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A Closer Look at pH

During the day, our metabolic rate increases (acidity generated by metabolism goes up) and our pH becomes more alkaline, to allow us to maintain pH7.

During the night, our metabolic rate decreases (acidity generated by metabolism goes down) and our pH becomes less alkaline, to allow us to maintain pH7.

At night, because there is less acid from metabolism, the body requires less alkalinity.

We need to take a closer look at pH. pH7 merely indicates there’s an equal amount of acid and alkali in the body; it does not indicate how much acid and alkali are present. The amount of acid and alkali in the body has implications for the amount of hydrogen (H+) and hydroxide (OH-) ions in the body, respectively.

Our central nervous system—via the eye, the pineal gland, the suprachiasmatic nucleus (SCN)—is constantly scanning and attuning to the speed of light. When we read light, we read time. All of our cells do this, and they do it individually.

When we are faster than time (the speed of light), there is too much acid in the body. As a result, the body’s demand for alkalinity spikes (allowing us to maintain pH7). This results in a paradox. When we are too fast, we are simultaneously too alkaline.

When we are slower than time (the speed of light), there is too little acid in the body. As a result, the body’s demand for alkalinity plummets (allowing us to maintain pH7). This, too, results in a paradox. When we are too slow, we are simultaneously too acidic.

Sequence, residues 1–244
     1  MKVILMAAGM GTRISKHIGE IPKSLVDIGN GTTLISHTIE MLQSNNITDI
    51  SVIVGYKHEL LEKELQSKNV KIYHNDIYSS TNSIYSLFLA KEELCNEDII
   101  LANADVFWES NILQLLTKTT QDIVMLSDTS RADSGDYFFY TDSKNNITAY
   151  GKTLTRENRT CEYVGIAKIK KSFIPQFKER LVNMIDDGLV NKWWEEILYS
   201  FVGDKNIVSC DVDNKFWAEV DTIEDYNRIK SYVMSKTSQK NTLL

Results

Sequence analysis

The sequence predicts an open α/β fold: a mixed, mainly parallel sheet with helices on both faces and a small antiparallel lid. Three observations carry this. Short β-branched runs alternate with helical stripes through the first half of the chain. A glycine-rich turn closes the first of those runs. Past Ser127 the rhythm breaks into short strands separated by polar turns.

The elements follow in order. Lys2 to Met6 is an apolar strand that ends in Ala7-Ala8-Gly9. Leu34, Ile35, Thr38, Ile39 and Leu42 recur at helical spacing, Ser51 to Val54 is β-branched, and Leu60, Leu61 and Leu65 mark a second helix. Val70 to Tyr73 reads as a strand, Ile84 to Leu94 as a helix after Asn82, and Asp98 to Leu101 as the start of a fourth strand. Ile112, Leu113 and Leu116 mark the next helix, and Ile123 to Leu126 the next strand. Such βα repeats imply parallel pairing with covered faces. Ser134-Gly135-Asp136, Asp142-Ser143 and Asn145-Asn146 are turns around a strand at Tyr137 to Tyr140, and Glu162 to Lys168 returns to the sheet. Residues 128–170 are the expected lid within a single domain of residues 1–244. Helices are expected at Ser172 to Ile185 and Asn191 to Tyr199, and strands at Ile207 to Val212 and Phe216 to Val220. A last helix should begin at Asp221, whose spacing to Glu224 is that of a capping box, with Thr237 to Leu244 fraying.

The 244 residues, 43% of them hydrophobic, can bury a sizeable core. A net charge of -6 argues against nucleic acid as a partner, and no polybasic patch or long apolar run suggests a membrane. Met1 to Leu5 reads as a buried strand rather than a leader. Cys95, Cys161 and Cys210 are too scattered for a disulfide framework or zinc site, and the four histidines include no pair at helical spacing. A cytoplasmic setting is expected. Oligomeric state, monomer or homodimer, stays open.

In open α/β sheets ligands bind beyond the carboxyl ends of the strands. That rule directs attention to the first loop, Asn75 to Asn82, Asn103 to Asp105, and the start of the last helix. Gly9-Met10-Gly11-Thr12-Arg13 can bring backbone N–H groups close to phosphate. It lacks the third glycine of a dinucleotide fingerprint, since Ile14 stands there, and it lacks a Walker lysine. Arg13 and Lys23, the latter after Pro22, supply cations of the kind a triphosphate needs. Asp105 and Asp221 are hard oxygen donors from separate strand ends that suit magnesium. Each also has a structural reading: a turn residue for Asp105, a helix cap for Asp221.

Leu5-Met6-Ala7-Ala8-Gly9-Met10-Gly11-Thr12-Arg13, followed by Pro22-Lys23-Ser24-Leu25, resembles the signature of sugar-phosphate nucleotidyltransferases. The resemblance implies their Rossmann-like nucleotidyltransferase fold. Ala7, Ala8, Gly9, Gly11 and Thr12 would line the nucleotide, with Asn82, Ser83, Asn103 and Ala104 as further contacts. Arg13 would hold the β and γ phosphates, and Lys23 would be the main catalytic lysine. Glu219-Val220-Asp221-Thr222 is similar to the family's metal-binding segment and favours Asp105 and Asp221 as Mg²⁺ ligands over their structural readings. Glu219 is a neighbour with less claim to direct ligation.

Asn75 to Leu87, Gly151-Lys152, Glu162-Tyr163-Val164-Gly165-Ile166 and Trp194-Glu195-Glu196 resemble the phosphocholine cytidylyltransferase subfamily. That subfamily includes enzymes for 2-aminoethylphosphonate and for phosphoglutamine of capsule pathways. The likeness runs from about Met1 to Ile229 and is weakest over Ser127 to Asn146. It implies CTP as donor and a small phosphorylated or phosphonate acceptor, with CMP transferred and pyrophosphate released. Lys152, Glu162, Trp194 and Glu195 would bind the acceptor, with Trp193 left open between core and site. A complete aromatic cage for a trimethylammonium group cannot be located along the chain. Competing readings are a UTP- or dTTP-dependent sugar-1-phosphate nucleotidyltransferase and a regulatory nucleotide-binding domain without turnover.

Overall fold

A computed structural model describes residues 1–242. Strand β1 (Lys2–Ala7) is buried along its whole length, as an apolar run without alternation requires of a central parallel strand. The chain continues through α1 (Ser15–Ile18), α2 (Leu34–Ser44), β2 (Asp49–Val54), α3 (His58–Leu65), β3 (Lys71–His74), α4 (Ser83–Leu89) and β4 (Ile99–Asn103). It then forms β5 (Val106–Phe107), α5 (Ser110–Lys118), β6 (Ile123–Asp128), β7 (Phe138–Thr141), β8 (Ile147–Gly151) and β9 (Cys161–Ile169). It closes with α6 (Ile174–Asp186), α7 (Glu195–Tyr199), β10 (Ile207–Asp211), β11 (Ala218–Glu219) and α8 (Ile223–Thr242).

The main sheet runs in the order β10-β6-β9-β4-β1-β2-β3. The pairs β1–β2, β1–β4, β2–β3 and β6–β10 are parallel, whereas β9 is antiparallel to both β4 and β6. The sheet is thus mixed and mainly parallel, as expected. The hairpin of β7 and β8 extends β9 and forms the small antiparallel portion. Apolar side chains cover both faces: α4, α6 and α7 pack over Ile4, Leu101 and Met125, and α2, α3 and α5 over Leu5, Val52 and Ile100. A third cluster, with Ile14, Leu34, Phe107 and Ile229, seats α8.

This pH paradox causes metabolic gridlock. If the body is already too alkaline, how can it allow the basal metabolic rate to slow down, and generate less acid? (Autism) If the body is already too acidic, how can it allow the basal metabolic rate to increase, and generate more acid? (Chronic Fatigue Syndrome)

In ME/CFS (Chronic Fatigue Syndrome), I believe the basal metabolic rate is too slow. Because there is not enough acid being generated by metabolism, the body’s demands for alkalinity are also too low. In other words, in ME/CFS, there is insufficient acidity (H+), but the body will not allow the acidity to be increased—though it desperately needs it—because the alkalinity (OH-) is being kept artificially low (via aldosterone and antidiuretic hormone). The brain is keeping the alkalinity too low, to balance the low acidity.

In Autism, I believe the basal metabolic rate is too fast. Because there is too much acid being generated by metabolism, the body’s demands for alkalinity are also too high. In Autism, there is too much acidity (H+), but the body will not allow the acidity to be decreased—though it desperately needs it—because the alkalinity (OH-) is being kept artificially high. The brain is keeping the alkalinity too high, to balance the high acidity.

In Chronic Fatigue Syndrome, when the acidity and alkalinity are both too low, the body’s hydrogen (H+) and hydroxide (OH-) ion reserves will also be too low. It will have too little hydrogen and too little oxygen, in a ratio of 2:1. To counteract this, the body can retain extra water, by producing excess anti-diuretic hormone. There’s only one problem. The body does not need to merely retain extra water. It needs to split it.

This could also affect the systemic oxygen extraction (SOE).

https://www.ncbi.nlm.nih.gov/pubmed/31493035

We age because we have been accelerating for too long. We are too accelerated. Because the basal metabolic rate is too high, the amount of acid being generated by metabolism is too high. As a result, the body’s compensatory alkalinity (pH) must be held too high. Our engines are flooding.

We need to slow the basal metabolic rate, which will extend the lifespan. But the brain will not allow our acidity to decrease while we are being flooded with alkalinity. We are in metabolic acidosis and alkalosis at the same time.